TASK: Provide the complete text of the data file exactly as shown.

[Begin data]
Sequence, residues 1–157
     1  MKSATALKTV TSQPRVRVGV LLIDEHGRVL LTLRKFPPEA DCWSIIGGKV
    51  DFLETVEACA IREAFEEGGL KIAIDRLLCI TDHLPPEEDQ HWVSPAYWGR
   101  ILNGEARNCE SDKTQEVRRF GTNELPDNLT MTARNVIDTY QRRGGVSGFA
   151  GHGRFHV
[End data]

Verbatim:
Sequence, residues 1–157
     1  MKSATALKTV TSQPRVRVGV LLIDEHGRVL LTLRKFPPEA DCWSIIGGKV
    51  DFLETVEACA IREAFEEGGL KIAIDRLLCI TDHLPPEEDQ HWVSPAYWGR
   101  ILNGEARNCE SDKTQEVRRF GTNELPDNLT MTARNVIDTY QRRGGVSGFA
   151  GHGRFHV